The Parrots of Telegraph Hill
Cherry-Headed Conures aren’t native to California. Bird watchers who want to see these parrots in their natural habitats must generally travel to South America. However, if you look into the trees or watch the skies of San Francisco, you are sure to spot some of the wild conures that make their home in the city.
There are a variety of legends that tell the tale of the wild parrots’ origins. In one version, a woman released the birds from an exotic pet store before burning it to the ground. It's more likely that the flock’s founding couple escaped or were released by pet owners who couldn’t keep up with such noisy and demanding companions. The two founding members of the flock produced dozens of chicks, and the group was joined by other escaped and released pets.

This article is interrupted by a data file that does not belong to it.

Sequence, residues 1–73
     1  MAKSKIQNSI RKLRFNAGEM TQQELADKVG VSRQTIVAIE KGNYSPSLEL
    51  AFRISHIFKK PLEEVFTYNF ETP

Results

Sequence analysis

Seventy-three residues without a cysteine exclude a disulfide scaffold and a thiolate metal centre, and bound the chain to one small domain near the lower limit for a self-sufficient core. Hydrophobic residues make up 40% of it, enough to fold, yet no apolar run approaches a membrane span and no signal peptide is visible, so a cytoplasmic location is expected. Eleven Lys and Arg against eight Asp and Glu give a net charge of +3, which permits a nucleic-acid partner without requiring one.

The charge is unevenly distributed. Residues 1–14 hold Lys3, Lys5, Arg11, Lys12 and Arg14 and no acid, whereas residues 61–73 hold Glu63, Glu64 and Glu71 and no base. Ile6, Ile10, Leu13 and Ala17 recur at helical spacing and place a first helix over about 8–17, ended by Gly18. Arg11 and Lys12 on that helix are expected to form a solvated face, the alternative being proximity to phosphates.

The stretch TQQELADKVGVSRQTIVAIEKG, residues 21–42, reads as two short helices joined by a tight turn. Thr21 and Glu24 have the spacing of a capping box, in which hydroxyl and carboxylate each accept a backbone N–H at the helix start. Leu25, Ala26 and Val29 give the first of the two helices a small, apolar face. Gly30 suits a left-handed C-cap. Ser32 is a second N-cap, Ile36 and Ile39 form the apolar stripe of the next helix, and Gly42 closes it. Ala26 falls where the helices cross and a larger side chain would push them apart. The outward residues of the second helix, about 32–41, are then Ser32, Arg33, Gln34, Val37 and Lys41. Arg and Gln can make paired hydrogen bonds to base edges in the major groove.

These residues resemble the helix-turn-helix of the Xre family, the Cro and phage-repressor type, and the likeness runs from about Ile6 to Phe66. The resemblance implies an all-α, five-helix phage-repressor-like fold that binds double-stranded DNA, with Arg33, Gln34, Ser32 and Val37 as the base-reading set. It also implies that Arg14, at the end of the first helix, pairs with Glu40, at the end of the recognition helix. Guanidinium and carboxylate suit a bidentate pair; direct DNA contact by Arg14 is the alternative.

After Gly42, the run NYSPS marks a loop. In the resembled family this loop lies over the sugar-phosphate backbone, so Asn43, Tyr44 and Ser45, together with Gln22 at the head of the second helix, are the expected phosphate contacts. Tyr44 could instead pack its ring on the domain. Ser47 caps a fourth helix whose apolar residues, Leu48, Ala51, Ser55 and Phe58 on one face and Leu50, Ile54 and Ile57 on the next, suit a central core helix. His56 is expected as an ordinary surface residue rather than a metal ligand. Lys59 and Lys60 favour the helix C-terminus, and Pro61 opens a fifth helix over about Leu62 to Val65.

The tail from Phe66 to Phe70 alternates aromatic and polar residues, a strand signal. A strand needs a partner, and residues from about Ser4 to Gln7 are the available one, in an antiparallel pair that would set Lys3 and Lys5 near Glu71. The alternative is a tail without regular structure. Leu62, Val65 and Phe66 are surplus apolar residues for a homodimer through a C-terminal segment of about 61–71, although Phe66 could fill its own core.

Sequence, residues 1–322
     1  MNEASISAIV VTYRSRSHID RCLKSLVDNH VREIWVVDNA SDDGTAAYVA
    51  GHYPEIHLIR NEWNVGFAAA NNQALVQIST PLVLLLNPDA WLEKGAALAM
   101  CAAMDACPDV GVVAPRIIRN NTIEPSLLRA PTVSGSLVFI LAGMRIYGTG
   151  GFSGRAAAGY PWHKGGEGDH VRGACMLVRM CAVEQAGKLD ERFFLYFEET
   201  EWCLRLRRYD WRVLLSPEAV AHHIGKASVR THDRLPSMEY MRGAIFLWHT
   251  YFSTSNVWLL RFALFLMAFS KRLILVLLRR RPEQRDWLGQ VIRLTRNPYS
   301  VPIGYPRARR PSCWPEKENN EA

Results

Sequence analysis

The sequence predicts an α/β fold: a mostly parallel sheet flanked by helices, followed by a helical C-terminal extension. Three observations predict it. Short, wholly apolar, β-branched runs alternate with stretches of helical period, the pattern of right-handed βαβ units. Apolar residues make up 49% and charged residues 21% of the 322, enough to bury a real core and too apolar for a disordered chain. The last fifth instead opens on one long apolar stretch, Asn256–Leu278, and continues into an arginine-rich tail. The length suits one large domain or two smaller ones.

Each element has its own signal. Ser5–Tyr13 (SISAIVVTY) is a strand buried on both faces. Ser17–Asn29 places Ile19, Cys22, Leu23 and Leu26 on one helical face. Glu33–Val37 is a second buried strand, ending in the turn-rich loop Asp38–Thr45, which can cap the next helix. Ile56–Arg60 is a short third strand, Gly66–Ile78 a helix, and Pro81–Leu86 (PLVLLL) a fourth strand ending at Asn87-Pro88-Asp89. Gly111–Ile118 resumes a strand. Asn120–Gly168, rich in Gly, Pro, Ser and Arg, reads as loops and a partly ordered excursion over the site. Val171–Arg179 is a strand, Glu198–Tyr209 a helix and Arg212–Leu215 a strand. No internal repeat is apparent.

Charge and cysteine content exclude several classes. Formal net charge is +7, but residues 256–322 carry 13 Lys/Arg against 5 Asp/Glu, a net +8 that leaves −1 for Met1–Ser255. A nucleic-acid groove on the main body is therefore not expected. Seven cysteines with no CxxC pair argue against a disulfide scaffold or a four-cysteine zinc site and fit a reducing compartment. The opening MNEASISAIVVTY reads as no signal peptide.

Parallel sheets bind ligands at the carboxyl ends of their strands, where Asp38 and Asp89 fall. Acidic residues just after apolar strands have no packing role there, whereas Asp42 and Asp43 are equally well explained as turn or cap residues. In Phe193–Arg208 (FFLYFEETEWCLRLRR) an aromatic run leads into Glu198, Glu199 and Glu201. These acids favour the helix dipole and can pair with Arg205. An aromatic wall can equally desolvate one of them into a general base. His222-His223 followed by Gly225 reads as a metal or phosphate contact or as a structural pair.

Originally, the birds were only found on or near Telegraph Hill. As the population expanded to more than 300, it split into smaller flocks that can be seen from the Ferry Building on the Embarcadero all the way to Brisbane, a city south of San Francisco.
To see them for yourself, start at the Embarcadero and walk down Greenwich Street to Pioneer Park. The parrots are often spotted along the pedestrian paths, and you can take in Coit Tower while you are there. You can also try Sue Bierman Park, which is in the opposite direction near the Ferry Building.
The parrots are in the city year-round, but they may be less visible during the summer breeding season. If you visit in September, you might spot some chicks coming out of the nest.
It’s best not to feed the wild parrots. First, the seeds and crumbs most people have on hand aren’t especially nutritious. These birds thrive on fruit, berries, and vegetables. Second, there are concerns that allowing the wild flocks to become accustomed to hand feeding from humans could put them in real danger.
For more birdwatching opportunities, visit The Presidio, where numerous species can be found.